Organic solvents (hydrocarbons)

The most common and efficient way of cleaning films has been by using a solvent system. For the last 20 years or so 1,1,1 trichloroethane ('Genklene’) has been used, but because of concerns over depletion of the upper atmosphere ozone layer, it has been banned from manufacture. The most popular replacement solvent, perchloroethylene, is not as efficient a cleaner and has a greater need for vapour containment as it poses a health and safety risk.

Many other solvents that have been used for cleaning have significant drawbacks. Flammability is one such problem. Alcohols, such as ethanol, may be used for some cleaning applications but can be harmful to the film by dissolving plasticisers from the film base or adversely affecting the image forming dyes.

New solvents, such as 3M’s fluoroethers or HFE series, are very safe to use from a staff point of view, but tend to be less efficient cleaners and are currently very expensive.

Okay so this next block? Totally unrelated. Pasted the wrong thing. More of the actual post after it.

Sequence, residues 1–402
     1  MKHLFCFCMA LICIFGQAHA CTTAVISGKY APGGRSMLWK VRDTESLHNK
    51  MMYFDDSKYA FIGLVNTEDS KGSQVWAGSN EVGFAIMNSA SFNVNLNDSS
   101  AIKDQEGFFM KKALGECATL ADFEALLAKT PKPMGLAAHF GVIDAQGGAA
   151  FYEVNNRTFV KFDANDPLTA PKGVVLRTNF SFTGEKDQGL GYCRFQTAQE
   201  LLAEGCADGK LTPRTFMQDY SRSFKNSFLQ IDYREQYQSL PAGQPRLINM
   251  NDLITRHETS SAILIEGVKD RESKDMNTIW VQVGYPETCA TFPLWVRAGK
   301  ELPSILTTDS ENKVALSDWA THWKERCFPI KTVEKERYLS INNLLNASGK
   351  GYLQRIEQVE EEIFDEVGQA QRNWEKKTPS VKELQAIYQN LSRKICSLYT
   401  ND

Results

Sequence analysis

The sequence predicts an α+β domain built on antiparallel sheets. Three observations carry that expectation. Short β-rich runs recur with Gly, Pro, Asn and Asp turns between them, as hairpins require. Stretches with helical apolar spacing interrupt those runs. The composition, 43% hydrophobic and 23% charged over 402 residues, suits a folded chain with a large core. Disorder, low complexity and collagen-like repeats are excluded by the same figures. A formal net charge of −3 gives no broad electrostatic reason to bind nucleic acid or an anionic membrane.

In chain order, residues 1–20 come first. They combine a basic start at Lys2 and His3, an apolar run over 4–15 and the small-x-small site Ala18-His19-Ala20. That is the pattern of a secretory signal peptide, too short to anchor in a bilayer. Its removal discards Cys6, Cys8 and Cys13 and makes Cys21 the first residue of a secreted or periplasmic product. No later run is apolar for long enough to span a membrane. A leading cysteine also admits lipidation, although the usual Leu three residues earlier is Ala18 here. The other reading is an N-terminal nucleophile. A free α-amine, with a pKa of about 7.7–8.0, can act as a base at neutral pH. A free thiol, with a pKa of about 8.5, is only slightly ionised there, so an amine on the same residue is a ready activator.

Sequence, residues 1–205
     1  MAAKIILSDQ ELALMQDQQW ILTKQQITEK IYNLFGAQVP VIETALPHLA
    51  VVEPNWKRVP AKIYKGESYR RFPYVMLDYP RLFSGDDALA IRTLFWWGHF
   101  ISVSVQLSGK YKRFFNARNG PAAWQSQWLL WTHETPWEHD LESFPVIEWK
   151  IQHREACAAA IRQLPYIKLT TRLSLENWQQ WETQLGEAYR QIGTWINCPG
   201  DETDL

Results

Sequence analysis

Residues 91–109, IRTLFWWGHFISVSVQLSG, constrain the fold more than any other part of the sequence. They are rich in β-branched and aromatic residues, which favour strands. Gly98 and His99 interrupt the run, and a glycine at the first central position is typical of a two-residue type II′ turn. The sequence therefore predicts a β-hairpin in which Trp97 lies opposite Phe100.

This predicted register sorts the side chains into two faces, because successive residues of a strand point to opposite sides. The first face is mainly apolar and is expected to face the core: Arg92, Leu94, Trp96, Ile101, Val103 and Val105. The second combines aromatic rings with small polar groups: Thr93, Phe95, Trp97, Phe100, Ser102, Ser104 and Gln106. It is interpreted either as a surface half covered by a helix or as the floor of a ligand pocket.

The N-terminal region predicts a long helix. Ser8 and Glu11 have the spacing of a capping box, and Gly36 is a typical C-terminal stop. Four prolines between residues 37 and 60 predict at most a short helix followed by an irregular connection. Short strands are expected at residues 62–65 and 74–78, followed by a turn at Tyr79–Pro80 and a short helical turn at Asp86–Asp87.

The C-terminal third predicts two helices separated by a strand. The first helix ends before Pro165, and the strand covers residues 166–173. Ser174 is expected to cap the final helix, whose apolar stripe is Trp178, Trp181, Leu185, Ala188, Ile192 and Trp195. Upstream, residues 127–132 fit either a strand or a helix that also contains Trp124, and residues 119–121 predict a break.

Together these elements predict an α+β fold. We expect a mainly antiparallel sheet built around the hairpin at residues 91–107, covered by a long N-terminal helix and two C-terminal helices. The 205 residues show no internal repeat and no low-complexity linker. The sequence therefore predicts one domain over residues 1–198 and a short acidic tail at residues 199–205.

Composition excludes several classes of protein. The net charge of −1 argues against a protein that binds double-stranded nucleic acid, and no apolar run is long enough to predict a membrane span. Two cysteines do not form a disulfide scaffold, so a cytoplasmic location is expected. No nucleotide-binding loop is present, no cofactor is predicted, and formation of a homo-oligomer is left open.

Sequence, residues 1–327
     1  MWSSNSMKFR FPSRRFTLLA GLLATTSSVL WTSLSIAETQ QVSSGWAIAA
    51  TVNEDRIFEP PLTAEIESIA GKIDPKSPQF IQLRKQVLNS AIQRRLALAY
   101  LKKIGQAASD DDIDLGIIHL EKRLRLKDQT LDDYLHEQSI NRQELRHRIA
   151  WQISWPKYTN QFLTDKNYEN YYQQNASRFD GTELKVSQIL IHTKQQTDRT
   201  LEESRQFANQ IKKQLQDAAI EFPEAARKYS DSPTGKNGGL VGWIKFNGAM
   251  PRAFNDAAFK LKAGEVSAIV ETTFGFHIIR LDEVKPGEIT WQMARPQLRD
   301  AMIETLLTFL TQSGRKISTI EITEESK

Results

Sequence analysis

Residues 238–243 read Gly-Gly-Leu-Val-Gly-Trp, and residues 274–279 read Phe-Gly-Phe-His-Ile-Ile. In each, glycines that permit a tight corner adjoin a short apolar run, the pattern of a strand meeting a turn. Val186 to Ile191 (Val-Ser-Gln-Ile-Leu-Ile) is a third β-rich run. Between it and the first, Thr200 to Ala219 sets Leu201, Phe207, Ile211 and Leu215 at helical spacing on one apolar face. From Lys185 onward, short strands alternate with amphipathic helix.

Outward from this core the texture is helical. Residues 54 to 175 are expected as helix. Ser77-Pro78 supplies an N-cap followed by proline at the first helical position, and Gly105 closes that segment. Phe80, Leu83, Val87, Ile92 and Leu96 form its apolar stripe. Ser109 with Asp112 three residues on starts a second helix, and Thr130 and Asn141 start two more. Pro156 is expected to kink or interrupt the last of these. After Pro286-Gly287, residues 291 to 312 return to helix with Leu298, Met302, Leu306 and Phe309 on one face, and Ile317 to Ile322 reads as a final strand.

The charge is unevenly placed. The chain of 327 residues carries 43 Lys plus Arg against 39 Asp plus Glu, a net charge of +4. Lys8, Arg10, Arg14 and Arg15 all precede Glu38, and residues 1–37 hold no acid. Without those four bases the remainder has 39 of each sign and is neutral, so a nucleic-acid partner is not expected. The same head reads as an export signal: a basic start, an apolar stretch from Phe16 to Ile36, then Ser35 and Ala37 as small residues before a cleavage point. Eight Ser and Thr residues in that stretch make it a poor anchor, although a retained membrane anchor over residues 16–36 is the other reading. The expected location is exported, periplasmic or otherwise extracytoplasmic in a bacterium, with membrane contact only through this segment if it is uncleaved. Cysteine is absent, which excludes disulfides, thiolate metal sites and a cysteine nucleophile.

Solvent Efficiency
Perchloroethylene (Perc, Tetrachloroethylene) Good
HFE 7100 (3M) Methyl Nonafluorobutyl ether/Methyl Nonafluoroisobutyl ether Adequate
HFE 7200 (3M) Ethyl Perfluoroisobutyl ether/ Ethyl Perfluorobutyl ether Adequate
HFC 43-10 mee (DUPONT) (1,1,1,2,3,4,4,5,5,5-decafluoro Pentane) Adequate
ASAHI KLIN AK-225 (ASAHI) (3,3-dichloro-1,1,1,2,2-pentafluoropropane) Good
ISOPROPANOL (2-propanol, secondary propyl alcohol, dimethyl carbinol, petrohol) Good
ISOBUTYLBENZENE (2-methylpropyl benzene, methyl-1-phenylpropane) Good
ACTREL 1064 L (EXXON) (Mixture of hydrocarbons) Good
Hydrotreated Naptha (Signal Inc.) Hydrocarbon Type Film Cleaner 40 Excellent
Isopar® G Naptha Exxon Chemical Excellent
Exxsol® D3135 Naptha Exxon Chemical Excellent
Soltrol® 100 Phillips Chemical Excellent

Table 12.1 Suitable solvents — from the Kodak Website (

Aqueous (water)

Water combined with mild surfactants has some uses in film cleaning. There are some drawbacks with using aqueous systems with archival films. As cellulose ester film bases decompose the generated acid alters the solubility of the gelatin emulsion. Even the short exposure used in film cleaning applications can be sufficient to fully wet the emulsion. Gelatin can absorb water at a very fast rate and can be fully wetted in around three seconds. Once the pH of gelatin shifts beyond the iso-electric point the uptake of water is dramatically increased.